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May 10, 2020

Fiber imaging beyond the limits of resolution and speed

Posted by in categories: biotech/medical, nanotechnology

Researchers at ARCNL and Vrije Universiteit Amsterdam have developed a compact setup for fast, super-resolution microscopy through an ultrathin fiber. Using smart signal processing, they beat the theoretical limits of resolution and speed. Because the method does not require any special fluorescent labelling, it is promising for both medical applications and characterization of 3D structures in nanolithography. On May 7th, the results were published in Light: Science & Applications, a scientific journal in the Nature family.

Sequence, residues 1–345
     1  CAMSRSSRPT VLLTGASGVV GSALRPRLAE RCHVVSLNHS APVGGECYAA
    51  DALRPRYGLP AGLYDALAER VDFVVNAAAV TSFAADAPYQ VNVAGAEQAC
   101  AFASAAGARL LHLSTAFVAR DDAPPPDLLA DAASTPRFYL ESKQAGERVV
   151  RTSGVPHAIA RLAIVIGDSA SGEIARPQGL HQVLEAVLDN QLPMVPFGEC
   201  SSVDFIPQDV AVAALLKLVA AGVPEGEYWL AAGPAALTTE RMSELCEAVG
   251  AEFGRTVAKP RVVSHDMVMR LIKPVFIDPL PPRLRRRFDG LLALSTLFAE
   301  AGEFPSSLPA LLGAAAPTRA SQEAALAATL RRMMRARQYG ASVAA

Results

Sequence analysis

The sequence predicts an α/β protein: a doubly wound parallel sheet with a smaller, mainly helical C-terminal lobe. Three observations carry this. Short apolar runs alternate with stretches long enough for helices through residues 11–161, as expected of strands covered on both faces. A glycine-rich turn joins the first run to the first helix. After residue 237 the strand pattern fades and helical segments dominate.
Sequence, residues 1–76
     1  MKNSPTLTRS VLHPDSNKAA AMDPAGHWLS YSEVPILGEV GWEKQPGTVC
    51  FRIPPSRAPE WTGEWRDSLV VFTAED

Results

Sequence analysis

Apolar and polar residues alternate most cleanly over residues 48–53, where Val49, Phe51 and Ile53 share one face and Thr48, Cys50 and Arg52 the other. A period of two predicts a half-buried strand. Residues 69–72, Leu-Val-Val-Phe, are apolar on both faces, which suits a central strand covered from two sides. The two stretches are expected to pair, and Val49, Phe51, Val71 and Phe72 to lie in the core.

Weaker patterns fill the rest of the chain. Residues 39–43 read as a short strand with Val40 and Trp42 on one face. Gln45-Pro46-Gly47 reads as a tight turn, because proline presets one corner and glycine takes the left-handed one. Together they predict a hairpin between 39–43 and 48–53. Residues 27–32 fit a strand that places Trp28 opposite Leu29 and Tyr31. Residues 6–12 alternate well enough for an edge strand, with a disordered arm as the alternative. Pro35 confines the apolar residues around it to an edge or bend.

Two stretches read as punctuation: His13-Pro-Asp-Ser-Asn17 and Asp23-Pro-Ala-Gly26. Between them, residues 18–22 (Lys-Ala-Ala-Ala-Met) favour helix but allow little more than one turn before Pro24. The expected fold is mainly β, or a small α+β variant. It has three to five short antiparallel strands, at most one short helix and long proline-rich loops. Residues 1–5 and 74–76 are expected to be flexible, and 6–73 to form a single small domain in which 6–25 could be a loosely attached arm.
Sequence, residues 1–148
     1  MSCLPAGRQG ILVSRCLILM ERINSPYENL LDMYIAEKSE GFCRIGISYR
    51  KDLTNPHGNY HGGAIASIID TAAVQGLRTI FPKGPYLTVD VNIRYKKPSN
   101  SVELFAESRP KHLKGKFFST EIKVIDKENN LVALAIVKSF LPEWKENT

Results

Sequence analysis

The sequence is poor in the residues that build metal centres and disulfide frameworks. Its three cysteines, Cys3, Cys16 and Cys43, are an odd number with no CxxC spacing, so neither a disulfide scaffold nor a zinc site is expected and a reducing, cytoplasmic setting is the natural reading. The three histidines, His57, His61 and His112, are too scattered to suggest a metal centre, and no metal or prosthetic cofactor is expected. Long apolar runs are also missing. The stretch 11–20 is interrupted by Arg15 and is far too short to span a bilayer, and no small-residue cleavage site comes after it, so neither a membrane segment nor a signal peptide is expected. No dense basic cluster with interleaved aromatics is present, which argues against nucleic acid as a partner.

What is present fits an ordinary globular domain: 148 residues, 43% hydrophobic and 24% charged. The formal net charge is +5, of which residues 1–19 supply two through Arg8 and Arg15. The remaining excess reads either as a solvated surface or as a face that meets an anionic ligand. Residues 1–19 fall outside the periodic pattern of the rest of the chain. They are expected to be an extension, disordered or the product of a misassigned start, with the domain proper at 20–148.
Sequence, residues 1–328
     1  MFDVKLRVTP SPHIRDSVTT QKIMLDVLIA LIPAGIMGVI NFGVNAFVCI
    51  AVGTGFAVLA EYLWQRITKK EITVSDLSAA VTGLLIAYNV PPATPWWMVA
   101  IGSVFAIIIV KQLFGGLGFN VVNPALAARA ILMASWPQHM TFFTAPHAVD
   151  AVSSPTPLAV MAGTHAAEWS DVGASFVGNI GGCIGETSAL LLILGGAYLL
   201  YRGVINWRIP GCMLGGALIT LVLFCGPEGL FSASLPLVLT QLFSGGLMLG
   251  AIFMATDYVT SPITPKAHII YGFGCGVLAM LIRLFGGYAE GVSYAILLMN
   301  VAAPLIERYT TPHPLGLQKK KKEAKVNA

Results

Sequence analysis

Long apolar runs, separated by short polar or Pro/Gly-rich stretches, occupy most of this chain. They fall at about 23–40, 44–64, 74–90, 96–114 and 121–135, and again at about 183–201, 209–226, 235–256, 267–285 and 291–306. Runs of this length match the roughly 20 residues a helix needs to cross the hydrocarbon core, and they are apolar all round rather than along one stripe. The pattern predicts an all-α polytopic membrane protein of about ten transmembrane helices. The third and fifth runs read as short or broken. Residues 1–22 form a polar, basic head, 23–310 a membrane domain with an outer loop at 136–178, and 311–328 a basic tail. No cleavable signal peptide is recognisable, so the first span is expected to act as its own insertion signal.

“Imaging at the nanoscale is limited by the wavelength of the light that is used. There are ways to overcome this diffraction limit, but they typically require large microscopes and difficult processing procedures,” says Lyuba Amitonova. “These systems are unsuitable for imaging in deep layers of biological tissue or in other hard-to-reach places.”

Amitonova recently started a research group on Nanoscale Imaging and Metrology at ARCNL. She is also connected to VU Amsterdam where she works on ultrathin fibers for endomicroscopy in the group of Johannes de Boer. Amitonova and de Boer have developed a way to overcome the in small systems to enable deep-tissue imaging with super-resolution.

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